The volatility of the last 20 years in this industry has surfaced the same challenges, at different places, at the same point in time. People started to work out answers, in parallel, independent of each other. Time weeds out which solutions work best. We are still in the weeding phase.

We do not have a clue with what we have to do with the staggering amounts of data we have amassed. We do not even know where there is value in it, if at all. All we know is that capturing and maintaining that huge pile of data is costly. The more the cost of storage and processing technology drops, the more we amass. The bottom-line: I do not think we create that much more value than we did 22 years ago.

Towards a brighter future?

Is this a gloomy outlook on the state of affairs? No. My motivation is improving the state of affairs in the data industry and provide people with the tools to improve their skills in the complex subject that is data. My premise is that if you want to improve, you should put the focus on what needs to be improved.

I could reminisce over all the hypes that have risen and fizzled out. But those hypes are all necessary to figure things out. It is an evolution in a pattern of two steps forward and one step back. And the steps are smaller than you might think. What people actually do with data, even in the sexiest data-driven companies on this planet, is not very different from what we did 22 years ago.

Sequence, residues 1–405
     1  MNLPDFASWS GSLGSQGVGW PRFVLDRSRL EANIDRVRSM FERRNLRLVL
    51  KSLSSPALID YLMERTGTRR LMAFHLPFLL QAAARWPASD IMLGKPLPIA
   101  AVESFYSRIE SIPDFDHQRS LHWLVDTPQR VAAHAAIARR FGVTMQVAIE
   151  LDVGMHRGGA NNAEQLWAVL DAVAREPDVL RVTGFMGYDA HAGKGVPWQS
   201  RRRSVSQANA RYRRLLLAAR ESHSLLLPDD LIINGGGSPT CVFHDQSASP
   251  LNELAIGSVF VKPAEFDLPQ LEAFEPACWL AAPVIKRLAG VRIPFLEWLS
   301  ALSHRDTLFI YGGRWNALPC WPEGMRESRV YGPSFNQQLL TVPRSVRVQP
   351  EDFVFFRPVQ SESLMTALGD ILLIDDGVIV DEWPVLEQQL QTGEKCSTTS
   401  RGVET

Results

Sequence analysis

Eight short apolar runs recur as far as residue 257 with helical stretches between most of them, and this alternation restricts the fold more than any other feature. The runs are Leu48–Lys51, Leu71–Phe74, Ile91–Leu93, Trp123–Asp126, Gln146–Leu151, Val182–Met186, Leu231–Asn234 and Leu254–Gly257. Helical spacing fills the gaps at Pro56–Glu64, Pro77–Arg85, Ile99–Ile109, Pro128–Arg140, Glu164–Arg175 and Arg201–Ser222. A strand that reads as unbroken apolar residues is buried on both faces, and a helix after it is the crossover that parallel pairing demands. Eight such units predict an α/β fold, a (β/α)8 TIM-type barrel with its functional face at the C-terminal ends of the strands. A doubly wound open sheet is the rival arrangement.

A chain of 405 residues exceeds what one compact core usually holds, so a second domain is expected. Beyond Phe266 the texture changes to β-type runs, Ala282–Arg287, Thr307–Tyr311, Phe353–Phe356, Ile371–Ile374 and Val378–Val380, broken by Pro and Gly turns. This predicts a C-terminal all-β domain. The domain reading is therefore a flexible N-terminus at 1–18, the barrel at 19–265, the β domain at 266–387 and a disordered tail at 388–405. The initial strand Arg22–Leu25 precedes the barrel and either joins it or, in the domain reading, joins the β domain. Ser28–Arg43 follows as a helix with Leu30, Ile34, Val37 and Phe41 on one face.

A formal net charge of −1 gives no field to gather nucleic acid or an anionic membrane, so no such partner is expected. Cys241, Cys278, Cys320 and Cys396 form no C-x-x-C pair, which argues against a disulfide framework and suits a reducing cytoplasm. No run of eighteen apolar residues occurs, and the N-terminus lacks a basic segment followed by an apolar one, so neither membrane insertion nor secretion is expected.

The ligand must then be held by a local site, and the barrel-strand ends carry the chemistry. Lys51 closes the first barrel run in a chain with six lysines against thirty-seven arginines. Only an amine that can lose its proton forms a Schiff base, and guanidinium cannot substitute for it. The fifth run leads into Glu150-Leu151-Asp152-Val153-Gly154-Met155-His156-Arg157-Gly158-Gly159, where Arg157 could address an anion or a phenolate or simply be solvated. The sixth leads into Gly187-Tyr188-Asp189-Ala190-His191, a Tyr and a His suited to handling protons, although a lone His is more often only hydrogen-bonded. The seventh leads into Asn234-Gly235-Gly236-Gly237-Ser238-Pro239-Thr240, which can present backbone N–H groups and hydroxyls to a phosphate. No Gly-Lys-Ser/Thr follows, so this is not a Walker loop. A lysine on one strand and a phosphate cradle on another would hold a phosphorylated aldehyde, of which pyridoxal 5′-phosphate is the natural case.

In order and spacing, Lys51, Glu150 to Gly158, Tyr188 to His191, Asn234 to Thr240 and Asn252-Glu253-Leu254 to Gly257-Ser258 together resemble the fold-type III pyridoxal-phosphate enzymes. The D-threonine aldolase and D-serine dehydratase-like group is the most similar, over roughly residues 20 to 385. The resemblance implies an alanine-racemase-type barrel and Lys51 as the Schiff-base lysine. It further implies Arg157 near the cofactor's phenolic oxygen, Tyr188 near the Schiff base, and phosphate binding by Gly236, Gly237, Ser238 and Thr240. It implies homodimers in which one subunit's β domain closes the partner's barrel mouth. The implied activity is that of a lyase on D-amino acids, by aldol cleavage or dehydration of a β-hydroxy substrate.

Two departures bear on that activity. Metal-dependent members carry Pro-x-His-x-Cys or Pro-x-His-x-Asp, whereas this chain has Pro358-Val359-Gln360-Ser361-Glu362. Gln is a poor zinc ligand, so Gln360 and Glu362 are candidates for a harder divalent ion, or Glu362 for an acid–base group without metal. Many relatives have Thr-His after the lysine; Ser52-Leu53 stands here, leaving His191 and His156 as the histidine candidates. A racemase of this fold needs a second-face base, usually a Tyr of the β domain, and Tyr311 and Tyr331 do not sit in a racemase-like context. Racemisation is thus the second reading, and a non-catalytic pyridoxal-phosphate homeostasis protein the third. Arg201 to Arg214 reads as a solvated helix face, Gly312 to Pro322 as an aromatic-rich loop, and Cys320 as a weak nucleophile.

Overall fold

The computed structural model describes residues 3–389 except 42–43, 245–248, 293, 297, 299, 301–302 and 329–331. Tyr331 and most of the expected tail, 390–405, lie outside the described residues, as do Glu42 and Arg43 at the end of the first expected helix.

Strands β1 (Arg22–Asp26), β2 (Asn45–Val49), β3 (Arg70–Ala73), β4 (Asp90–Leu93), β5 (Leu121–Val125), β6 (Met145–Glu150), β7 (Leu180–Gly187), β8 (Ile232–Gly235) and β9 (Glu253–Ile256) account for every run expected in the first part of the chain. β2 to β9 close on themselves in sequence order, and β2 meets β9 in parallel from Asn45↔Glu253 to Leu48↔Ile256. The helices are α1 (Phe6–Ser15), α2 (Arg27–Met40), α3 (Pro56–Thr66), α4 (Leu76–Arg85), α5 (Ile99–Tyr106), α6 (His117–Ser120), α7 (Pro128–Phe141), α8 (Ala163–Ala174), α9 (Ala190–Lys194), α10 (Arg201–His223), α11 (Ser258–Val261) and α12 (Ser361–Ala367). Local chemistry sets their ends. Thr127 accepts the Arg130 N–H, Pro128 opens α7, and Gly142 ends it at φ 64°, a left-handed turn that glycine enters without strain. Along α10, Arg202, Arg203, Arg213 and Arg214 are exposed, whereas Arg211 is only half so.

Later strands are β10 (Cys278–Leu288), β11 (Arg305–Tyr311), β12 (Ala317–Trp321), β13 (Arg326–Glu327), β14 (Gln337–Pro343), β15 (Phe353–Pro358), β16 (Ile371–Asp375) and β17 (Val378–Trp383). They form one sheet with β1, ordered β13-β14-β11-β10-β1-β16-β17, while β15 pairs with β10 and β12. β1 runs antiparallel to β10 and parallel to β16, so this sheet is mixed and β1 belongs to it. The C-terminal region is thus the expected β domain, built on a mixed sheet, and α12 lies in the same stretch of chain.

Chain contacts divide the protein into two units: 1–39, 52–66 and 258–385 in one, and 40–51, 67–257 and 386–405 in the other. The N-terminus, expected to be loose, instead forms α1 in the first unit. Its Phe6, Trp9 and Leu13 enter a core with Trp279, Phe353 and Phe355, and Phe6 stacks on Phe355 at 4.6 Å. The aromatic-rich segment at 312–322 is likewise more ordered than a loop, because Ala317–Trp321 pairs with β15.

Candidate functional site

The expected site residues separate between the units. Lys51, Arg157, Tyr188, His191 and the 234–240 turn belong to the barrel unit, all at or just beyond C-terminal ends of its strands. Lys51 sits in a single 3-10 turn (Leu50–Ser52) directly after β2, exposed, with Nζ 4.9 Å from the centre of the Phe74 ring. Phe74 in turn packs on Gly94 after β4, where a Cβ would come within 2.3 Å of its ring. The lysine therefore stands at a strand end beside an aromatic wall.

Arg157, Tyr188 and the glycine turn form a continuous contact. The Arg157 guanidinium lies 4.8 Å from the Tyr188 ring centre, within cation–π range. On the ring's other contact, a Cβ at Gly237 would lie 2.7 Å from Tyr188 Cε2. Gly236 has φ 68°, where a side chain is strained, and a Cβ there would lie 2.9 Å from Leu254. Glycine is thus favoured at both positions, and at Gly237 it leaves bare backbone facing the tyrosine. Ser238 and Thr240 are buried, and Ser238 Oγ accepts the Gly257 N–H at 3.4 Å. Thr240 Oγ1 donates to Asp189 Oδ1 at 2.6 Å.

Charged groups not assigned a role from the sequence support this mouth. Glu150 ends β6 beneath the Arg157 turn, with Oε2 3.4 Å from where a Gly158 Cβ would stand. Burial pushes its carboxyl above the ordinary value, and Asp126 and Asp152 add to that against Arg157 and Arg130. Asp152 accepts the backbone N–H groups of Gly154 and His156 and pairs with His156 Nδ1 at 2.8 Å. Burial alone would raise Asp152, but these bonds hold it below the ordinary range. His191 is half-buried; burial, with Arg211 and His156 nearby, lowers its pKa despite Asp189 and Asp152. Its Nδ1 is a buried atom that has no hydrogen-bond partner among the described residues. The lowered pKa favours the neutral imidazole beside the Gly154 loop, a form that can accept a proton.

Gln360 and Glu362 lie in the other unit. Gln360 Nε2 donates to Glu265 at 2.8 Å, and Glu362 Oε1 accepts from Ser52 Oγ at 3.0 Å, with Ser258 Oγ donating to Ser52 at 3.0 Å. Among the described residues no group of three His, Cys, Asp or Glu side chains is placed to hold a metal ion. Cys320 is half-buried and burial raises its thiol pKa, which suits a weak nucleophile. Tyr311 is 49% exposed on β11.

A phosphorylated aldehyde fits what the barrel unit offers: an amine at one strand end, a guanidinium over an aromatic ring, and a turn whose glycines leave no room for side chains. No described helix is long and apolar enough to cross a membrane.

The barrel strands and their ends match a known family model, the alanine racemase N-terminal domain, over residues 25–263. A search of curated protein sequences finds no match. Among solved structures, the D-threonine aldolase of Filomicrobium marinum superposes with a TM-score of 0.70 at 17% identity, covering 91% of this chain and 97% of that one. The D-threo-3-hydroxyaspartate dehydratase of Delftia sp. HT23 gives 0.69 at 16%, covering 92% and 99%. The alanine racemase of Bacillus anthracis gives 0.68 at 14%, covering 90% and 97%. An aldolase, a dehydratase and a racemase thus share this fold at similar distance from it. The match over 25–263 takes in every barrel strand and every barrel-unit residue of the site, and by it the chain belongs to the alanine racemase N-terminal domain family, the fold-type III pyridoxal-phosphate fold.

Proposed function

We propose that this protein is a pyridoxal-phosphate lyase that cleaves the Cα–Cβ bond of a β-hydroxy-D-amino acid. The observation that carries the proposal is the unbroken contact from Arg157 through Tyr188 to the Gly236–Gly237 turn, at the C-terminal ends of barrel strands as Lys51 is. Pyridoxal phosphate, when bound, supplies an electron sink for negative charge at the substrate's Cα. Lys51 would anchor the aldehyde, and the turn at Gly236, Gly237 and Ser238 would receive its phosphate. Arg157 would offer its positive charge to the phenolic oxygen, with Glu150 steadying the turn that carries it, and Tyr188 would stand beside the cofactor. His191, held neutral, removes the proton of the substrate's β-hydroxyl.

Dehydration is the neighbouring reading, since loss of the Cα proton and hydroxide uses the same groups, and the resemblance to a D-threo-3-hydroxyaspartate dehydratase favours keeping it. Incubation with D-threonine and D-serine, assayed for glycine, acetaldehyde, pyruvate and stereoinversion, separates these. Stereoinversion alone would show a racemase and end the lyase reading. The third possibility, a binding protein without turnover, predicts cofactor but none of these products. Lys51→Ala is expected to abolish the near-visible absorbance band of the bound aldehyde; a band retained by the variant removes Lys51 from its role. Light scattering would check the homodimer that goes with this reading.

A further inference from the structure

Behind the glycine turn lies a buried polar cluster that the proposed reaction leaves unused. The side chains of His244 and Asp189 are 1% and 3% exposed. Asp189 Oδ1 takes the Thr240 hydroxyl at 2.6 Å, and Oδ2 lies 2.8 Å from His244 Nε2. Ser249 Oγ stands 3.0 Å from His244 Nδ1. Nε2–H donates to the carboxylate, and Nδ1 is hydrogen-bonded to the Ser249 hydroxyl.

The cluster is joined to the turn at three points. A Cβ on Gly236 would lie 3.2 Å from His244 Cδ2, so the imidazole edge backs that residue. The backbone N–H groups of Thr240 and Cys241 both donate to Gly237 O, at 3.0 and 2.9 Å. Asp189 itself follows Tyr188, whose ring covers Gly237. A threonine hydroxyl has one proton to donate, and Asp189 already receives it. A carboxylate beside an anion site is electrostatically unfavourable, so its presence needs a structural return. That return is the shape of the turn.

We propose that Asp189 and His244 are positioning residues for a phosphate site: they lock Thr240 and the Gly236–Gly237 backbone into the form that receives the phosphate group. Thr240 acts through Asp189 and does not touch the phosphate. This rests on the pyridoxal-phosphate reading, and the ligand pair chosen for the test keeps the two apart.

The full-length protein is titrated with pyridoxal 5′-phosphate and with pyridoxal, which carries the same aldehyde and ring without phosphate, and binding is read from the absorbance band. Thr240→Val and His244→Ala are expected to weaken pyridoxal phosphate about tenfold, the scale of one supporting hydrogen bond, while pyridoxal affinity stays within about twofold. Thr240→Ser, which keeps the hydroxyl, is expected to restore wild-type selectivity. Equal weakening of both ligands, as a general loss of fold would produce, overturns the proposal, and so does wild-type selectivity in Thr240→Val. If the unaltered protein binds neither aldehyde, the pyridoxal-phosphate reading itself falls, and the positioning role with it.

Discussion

What would we need to progress faster and create more value with the technological capabilities that are at our disposal?

There are two important actions:

We need to have better curricula for teaching students at our schools and universities. Data is not a field of IT or mathematics. It belongs in the humanities and requires strong IT fundament. Much of the insight gained by professionals over the last decades is not reflected in what is currently taught.

Recognize that humans who consume information for the purpose of humans. Making decisions is an inherently human activity, even when humans have program a computer to do so. It requires human knowledge to create information that is meaningful. I see a slow shift from a technology-focused practice to a people-focused practice, but that movement needs a louder voice to let the message that data is a people industry resonate.

Will the future be brighter?

Time will tell. I am neither a futurologist nor a fortune teller. What I do know is that we have a wealth of technical means at our disposal. It is certain that new technologies will be on the horizon, existing technologies will be improved, and that algorithms and the means to create those algorithms will become more sophisticated. We have to connect the human dimension to the data industrial complex and find more balance in organizing our collaboration and finding the fitting technologies to support that collaboration.